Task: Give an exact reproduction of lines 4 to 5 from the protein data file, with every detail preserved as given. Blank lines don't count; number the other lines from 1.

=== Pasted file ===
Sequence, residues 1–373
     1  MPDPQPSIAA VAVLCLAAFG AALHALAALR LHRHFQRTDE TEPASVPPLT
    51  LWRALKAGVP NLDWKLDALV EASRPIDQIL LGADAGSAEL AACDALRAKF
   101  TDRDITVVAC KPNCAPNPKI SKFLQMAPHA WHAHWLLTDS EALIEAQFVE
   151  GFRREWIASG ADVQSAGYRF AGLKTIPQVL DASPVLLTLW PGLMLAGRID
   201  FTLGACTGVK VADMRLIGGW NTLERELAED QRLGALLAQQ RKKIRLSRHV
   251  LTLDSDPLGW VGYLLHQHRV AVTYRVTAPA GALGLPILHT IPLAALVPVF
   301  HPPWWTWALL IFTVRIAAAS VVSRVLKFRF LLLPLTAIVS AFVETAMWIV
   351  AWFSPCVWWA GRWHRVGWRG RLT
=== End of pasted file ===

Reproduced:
   101  TDRDITVVAC KPNCAPNPKI SKFLQMAPHA WHAHWLLTDS EALIEAQFVE
   151  GFRREWIASG ADVQSAGYRF AGLKTIPQVL DASPVLLTLW PGLMLAGRID